ticket pairing You are the primary escalation point for other Support team members who interface with the non-support team you work with. This includes pairing with your own team members on best practices, bringing your knowledge of known bugs, behaviors, and cross-system interactions to the table to resolve many "hard" issues yourself. On occasion, when deep research for a ticket will be required of engineering, you should offer to sit with the engineer to consult on the case (and learn from watching their debug process and hearing them talk through their code) - and then you can answer the customer directly about how "We looked into this and found...". You're also the support subject matter expert to that team - you can report that "...only 3 customers reported noticing the alerting system downtime yesterday, so it wasn't as big a deal as you think it was" to the development team's standup meeting/outage retrospective.
- ticket queue observation Engineering is intended to own and answer tickets assigned to them. However, we all lose when a ticket is dropped, and we are the "personal" backup when something falls through the cracks, or the escalation point (to our management, who can escalate to their management) if you see consistent queue or ticket mishandling. In return, you should be monitoring for poor escalations FROM our team and escalating those concerns to the TSE(s) involved, or their manager if there are repeat offenses.
understanding of other team processes (eg: sprint timing, external resources used for things like UX design). This likely includes going to standups with the team, participating in sprint planning, watching demos (which you can reproduce to the support team as seems relevant), and going to retrospectives for outages in that team's components. This way when our management asks you to "let the team know about situation Y" you know whether it's appropriate to bring up at standup, create a meeting with the key players (whom you can identify) or just drop an email about. You can also proxy support's requests for "how soon will X happen?" since you're privy to their sprint board and delivery velocity. "That's planned at the end of this sprint, which historically means they'll likely get to it by the end of the next one, in 3 weeks."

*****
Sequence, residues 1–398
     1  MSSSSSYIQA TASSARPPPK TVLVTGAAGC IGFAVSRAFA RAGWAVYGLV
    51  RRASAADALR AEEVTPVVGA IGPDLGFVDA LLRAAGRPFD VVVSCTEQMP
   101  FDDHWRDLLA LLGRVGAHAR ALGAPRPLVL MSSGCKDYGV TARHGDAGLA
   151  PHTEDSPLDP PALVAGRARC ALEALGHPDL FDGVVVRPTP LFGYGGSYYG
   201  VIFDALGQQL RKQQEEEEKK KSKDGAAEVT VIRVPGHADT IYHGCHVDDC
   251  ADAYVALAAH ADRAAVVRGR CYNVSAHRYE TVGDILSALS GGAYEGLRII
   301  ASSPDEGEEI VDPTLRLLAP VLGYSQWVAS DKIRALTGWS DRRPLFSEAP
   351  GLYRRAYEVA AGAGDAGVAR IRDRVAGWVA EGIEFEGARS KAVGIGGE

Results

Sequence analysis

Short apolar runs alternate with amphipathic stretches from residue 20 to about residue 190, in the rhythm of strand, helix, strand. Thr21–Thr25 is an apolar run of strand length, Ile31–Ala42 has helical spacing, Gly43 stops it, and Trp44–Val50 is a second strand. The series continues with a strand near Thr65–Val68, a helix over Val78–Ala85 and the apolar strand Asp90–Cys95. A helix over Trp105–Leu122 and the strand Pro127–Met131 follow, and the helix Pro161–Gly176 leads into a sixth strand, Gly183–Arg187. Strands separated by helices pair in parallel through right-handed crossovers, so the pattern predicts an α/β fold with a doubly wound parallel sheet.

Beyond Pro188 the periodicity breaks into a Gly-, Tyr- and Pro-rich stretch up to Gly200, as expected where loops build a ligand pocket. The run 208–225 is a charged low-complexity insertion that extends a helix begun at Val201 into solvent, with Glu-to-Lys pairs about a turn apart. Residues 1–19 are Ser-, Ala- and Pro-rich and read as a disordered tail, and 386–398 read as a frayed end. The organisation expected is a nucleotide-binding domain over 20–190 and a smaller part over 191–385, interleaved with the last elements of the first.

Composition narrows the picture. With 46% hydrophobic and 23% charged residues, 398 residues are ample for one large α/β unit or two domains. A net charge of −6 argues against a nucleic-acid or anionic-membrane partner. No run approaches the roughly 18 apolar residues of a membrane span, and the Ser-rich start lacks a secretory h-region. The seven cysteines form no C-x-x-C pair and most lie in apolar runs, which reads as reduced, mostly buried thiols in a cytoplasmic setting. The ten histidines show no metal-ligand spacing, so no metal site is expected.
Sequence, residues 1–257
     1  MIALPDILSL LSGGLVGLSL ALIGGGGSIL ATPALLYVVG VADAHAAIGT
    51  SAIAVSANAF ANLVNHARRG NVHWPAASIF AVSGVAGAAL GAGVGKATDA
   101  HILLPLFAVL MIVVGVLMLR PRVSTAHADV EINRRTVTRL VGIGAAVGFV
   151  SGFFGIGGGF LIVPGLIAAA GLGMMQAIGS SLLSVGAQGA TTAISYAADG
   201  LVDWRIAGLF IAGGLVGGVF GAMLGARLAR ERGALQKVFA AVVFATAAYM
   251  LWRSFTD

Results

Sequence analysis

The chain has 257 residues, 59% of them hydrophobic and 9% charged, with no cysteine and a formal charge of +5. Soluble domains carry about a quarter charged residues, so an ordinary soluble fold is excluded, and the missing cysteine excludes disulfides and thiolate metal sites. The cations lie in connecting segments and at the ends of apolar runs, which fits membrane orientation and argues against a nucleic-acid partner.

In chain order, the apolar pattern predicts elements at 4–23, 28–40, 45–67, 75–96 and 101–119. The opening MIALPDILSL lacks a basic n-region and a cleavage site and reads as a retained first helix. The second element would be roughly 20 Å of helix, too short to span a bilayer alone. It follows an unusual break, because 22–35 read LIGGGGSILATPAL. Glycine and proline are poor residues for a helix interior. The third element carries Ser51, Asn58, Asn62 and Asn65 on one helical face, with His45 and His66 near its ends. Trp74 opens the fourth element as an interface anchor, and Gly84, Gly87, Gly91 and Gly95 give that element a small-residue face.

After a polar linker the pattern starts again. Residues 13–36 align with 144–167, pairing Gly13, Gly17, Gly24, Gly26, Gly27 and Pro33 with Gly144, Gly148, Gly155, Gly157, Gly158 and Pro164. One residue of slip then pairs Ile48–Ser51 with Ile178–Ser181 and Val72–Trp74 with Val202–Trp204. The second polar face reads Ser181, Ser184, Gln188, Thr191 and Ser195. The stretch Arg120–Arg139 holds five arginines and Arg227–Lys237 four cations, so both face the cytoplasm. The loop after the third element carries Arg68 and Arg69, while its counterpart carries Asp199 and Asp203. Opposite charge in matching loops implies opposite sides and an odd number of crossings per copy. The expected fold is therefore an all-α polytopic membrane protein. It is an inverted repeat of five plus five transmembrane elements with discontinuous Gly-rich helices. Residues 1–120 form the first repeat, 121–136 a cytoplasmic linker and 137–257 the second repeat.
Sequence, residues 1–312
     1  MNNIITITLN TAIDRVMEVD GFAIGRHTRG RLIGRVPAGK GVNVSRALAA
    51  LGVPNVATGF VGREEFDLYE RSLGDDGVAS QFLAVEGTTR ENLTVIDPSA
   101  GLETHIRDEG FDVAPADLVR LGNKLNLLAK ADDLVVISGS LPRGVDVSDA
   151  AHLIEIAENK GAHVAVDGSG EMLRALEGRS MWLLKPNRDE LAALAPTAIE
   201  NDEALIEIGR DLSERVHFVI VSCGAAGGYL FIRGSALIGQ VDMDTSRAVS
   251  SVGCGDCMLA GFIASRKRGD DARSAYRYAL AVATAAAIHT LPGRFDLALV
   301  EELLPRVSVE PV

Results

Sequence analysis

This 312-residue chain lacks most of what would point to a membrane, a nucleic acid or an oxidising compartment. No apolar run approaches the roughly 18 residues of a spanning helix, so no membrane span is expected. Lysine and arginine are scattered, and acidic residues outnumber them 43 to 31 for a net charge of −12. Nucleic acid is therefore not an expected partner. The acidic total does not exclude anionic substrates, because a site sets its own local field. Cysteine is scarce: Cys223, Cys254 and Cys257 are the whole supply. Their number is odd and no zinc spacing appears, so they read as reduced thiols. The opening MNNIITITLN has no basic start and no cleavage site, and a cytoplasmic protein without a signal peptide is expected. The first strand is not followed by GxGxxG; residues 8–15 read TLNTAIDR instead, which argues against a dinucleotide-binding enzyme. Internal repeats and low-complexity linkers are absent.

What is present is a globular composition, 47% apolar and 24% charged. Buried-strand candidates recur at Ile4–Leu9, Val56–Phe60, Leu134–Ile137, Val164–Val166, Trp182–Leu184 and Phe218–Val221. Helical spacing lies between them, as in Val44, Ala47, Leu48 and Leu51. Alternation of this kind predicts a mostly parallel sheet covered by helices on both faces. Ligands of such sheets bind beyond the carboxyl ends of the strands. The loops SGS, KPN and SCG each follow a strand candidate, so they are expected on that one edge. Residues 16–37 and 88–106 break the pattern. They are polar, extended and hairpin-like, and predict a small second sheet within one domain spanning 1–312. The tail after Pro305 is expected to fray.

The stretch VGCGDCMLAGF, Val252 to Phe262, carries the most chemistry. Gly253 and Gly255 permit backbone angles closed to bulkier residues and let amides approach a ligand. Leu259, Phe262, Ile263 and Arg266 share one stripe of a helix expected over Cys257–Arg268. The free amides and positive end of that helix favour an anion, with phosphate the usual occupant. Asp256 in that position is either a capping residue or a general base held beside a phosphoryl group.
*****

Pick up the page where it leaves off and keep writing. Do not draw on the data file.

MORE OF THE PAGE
familiarity with other team members Liaison should be on a first-name basis with everyone on the other team including Manager and Product Manager. When you walk over to their area, people will know who you are, and be familiar with your skill level so that when you cry "wolf", they'll know you know what you're talking about and take you at face value - whether you're talking to a developer, their team manager, or the Product Manager for that team. You'll know who to go to about troubling design decisions, as well as who wrote the code you're working with so you know whom you can drop an email to asking for a troubleshooting session or demo. (eg: I don't ask someone who just joined the team to troubleshoot the old "v1" code that is in production - they have never touched it, since they are working solely on v2).
Subject Matter Expertise
deepest understanding of other team's software stack This isn't just about "component A talks to component B". It's also about "that's a java app and it's pretty big, so scaling is a hardware nightmare and if we're noticing slowdowns we need to bring them up quickly!" and "they're using native charts now, but the next version will have a new charting library that will resolve this entire class of bugs...so it doesn't make sense to push hard on getting this one fixed." You might hear someone working with another team mention AWS and think "how will this team's use of that technology play alongside my team's use of it? I should mention this to the manager of this team!" It's also about "I know they rely on our account DB, so when I saw the Ops team announce an account DB outage, I proactively went and checked out their performance during that time window so we could assess customer impact."
awareness of existing/active bugs under their purview When another TSE comes to you to ask a question, you should know offhand if you've seen a bug in that area and be able to find it in that team's bug tracker. This means that we get an answer for the customer immediately "known bug with this plan for (not) fixing..." and reduce duplicated effort - both by TSE's and by the developers on that team. Further, you can speak to "seriousness" of bugs during sprint planning. This will take some study time at first, but once you've seen all the bugs a few times, it becomes more automatic, even with bugs you haven't seen before. "I know that's a regression - engineer X fixed it 6 months ago for us!"